With so much content being produced, and more than half of it being more-or-less ignored, then engaging with existing content to bolster that and using a limited number of links to weave together stronger, tighter networks of content that work well for the content consumer mean that prospects looking for solutions to problems won’t see 500 articles repeating the same solution – but they will get the information they need in a more concentrated and consumable form (e.g. in fewer places, with less navigation).

    A reverse strategy can also be useful (essential perhaps to creating valuable, non-repetitive content). Keeping tabs on competitor content and other industry content hubs to spot the gaps is a good way to find the unanswered questions – which can then be serviced with new content. Marketers that look for the “trends” end up producing “me too” content that people really don’t need. If there isn’t a new angle to be discussed then it’s probably not worth producing yet another piece of samey content. But too many marketers simply follow the heard and churn out the same stuff because they feel that they need to “neutralise” a perceived gap between the content they produce and the content their competitors are producing. That’s precisely why we end up with the high volume of crap content that is floating about today….and it serves no purpose but to frustrate people who are looking for the good stuff.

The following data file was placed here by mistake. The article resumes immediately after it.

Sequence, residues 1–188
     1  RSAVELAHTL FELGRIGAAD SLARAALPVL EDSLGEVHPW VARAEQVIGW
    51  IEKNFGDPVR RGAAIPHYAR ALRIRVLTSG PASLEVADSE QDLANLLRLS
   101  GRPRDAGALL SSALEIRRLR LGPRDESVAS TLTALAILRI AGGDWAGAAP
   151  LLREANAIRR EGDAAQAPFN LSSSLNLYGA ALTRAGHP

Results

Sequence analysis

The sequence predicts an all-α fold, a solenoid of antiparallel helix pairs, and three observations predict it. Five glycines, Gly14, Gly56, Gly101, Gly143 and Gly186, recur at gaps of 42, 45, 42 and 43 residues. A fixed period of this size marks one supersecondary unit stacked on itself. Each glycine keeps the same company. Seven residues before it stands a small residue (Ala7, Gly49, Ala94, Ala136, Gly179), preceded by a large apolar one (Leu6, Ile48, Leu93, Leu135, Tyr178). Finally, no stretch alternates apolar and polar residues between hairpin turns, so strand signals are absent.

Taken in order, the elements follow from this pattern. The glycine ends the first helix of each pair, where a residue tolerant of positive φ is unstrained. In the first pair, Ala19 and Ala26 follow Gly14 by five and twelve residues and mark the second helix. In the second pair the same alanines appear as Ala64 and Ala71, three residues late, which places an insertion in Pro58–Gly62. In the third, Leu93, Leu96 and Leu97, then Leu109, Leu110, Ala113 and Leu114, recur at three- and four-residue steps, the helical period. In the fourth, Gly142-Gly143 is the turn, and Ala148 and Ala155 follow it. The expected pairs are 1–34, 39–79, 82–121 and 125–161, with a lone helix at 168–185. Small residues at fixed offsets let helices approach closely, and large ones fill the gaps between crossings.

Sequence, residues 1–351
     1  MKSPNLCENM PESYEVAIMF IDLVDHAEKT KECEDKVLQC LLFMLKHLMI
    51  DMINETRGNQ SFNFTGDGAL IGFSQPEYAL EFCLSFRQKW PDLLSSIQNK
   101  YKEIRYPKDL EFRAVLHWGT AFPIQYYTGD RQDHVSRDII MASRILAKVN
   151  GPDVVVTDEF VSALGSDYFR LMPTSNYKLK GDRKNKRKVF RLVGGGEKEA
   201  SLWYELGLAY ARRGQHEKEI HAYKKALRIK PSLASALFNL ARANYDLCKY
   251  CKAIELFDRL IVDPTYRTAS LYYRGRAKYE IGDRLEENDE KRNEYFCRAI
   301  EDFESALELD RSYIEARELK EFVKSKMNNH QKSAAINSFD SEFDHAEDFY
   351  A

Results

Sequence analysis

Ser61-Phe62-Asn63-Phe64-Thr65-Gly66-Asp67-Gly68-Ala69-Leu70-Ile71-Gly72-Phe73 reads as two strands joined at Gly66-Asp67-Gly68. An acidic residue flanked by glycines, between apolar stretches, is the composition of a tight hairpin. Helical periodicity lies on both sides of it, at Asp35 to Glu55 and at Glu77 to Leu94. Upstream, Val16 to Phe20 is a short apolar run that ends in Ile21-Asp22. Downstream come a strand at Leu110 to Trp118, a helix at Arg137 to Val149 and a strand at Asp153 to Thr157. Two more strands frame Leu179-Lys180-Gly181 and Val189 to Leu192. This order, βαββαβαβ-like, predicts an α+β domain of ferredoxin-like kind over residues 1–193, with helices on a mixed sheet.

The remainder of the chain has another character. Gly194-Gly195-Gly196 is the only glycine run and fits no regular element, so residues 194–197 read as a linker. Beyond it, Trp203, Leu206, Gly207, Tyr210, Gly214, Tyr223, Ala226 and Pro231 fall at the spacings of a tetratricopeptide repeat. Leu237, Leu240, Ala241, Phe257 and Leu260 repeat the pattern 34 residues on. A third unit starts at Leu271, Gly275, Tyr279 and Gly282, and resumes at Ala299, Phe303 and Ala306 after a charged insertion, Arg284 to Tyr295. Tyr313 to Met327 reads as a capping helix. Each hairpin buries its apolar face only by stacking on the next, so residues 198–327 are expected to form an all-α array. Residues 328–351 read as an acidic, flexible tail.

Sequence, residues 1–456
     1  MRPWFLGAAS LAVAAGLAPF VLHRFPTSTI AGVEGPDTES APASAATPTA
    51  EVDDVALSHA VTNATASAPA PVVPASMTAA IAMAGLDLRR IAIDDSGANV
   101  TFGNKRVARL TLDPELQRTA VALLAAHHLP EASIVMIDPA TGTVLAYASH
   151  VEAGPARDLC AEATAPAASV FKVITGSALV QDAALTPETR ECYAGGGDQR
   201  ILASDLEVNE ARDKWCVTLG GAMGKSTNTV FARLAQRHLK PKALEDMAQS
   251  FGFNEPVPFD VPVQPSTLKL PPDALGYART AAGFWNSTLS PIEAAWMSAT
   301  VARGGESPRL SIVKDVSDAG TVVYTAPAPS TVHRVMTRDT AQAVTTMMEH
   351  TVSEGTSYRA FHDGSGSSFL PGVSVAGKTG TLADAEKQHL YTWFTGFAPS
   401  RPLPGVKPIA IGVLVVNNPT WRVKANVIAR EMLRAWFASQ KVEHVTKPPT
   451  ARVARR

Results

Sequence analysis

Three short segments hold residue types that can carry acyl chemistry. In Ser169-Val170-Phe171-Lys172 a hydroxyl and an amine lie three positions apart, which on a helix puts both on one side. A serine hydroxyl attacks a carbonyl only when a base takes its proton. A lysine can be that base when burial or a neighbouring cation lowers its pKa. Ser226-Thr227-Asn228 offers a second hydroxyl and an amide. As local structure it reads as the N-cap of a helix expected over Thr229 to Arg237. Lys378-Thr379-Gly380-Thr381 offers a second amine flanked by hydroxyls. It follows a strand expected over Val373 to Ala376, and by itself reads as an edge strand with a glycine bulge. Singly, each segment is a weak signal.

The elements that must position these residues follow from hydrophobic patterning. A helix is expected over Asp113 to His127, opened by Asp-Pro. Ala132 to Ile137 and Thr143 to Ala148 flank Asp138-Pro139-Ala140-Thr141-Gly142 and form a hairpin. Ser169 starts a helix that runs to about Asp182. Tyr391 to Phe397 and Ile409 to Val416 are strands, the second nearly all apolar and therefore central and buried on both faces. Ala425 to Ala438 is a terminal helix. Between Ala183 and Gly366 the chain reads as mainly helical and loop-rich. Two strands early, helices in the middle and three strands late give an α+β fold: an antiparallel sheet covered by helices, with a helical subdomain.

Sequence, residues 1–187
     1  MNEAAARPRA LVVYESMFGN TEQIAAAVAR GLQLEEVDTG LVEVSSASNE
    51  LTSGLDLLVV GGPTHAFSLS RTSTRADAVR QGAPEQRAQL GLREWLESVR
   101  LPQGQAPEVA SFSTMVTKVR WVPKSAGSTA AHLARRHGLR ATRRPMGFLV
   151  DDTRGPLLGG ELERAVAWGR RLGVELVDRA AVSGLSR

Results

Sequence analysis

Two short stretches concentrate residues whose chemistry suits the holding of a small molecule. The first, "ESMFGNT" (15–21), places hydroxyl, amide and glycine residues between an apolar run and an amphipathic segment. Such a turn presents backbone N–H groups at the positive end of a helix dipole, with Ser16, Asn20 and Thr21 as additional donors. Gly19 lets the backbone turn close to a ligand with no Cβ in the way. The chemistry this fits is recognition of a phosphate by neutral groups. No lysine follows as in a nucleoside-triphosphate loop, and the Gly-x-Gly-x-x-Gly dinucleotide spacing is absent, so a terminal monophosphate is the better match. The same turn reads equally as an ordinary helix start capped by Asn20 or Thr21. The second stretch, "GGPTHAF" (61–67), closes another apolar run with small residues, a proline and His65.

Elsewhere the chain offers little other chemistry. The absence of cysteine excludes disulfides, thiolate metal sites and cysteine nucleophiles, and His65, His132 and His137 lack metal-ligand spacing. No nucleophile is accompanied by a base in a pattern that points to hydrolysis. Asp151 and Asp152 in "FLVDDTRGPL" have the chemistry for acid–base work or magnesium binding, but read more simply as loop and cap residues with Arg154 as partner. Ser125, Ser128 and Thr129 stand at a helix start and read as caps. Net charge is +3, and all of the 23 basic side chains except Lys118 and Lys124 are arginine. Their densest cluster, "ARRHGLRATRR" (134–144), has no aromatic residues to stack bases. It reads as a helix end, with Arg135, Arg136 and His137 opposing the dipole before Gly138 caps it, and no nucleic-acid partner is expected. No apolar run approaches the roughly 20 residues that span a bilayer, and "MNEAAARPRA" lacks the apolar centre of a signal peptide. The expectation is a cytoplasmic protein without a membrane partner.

• Completely agree. I figured I would get a lot more push back on this topic as a whole, but happy that most people read through and found the underlying quality requirement to have success with this.

      Thanks for taking the time to read and for adding your thoughts as well!

  • There is no doubt; comment posting is one of the fastest ways to build the quality links. This post is really helpful for all of us. Thanks for sharing it with us.

  • I think monitoring plays an important step for content marketing. Ok, you can use Facebook, Twitter, G+, or others for sharing or spamming, but the beauty of the content marketing stays in the power of community. If you share something be there, talk with others, see how they feel and what they think.

    Very useful your blog ­čśë

  • Hi guys thanks for sharing your knowledge. We really appreciate your advices about SEO. We are trying to get same good positions in Brasil. Your advices really helped us. Thanks again